Playing House Is Now The Norm: Study Finds About Half Of Women (15-44) Have Cohabited With A Partner

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According to a new study, many more people are deciding to live together, unmarried, and are having children as a result of this than in the past. According to USA Today, almost half of women between the ages of 15 and 44 have had their first real “union” through cohabitation. The study, done by the National Center for Health Statistics was based off of interviews conducted with 12,279 women from 2006 to 2010. It also showed that the numbers of people shacking up have even increased a great deal since 1995, when there were only 34 percent of women saying they had done it, and from 2002, when 43 percent proclaimed their current or previous cohabited status.

Other findings in the study including detailing which groups are cohabiting more and more, the length of time on average people are doing it, how many become pregnant during that time, and what the opportunity for marriage is looking like after saying I do…to sharing bills under the same roof. The women who have cohabited have definitely increased for all ethnic groups, though the study says Asian women are the exception. Hispanic women have gone up to 57 percent cohabitation, 43 percent for whites and 39 percent for blacks. The study also finds that 70 percent of women cohabiting as a first union don’t have a high school diploma, while 47 percent of women with a bachelor’s live with their partners, and according to USA Today, “Among women ages 22-44 with higher education, their cohabitations were more likely to transition to marriage by within years (53%), compared with 30% for those who didn’t graduate high school.”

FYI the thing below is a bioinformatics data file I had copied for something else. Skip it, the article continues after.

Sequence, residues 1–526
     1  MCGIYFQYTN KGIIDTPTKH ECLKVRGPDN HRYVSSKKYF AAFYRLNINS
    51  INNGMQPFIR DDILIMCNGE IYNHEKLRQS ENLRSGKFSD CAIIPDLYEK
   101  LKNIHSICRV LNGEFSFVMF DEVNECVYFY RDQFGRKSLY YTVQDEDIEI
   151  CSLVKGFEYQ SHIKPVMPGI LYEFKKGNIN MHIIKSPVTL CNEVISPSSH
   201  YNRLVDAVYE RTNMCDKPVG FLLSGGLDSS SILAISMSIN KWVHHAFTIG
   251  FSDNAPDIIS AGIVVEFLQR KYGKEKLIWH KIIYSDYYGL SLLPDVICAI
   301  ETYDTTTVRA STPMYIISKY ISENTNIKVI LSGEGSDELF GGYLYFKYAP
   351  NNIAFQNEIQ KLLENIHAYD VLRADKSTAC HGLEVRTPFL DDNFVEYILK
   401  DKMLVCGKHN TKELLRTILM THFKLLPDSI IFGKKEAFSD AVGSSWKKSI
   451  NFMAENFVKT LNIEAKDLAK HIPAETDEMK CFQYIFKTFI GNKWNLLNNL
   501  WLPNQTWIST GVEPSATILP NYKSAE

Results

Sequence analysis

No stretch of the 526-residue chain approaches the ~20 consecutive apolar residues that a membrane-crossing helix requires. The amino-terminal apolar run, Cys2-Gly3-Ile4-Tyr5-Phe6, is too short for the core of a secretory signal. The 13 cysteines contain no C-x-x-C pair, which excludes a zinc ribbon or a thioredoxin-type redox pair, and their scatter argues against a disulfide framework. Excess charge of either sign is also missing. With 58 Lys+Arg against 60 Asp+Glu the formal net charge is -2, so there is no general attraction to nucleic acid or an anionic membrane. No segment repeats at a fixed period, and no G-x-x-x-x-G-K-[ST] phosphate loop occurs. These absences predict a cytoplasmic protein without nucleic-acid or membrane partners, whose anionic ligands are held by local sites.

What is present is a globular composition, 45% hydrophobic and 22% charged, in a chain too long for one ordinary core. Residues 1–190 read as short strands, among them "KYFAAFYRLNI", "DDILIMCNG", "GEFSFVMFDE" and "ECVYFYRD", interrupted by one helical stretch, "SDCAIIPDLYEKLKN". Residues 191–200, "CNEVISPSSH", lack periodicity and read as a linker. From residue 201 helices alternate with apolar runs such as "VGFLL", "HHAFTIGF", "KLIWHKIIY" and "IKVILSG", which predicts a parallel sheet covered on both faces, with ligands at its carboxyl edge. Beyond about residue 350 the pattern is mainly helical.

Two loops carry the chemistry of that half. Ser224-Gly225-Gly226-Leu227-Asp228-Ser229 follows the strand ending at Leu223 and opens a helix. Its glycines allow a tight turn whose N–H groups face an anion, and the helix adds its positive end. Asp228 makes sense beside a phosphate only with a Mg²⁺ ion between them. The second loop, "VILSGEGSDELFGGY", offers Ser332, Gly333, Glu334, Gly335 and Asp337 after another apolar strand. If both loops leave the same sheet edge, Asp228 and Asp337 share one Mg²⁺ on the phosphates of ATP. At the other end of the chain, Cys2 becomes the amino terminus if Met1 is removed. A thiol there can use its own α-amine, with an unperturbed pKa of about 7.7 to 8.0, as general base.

About 19 percent of women were found to have become pregnant within the first year of living with their partner, and 22 months was the median amount of time people lived together, an increase from 20 months in 2002. But within three years of living together, 40 percent of women were able to get a ring put on it, while 32 percent continued to live together and 27 percent of those studied fell out and broke up.

I’m sure we all know a few friends or family members who are cohabiting. And it’s clear that more and more people are becoming comfortable with living with a partner before marriage, and for some, it’s setting them up for pregnancy, while others do end up walking down the aisle. Question is, are you down for cohabitation? Why are why not?




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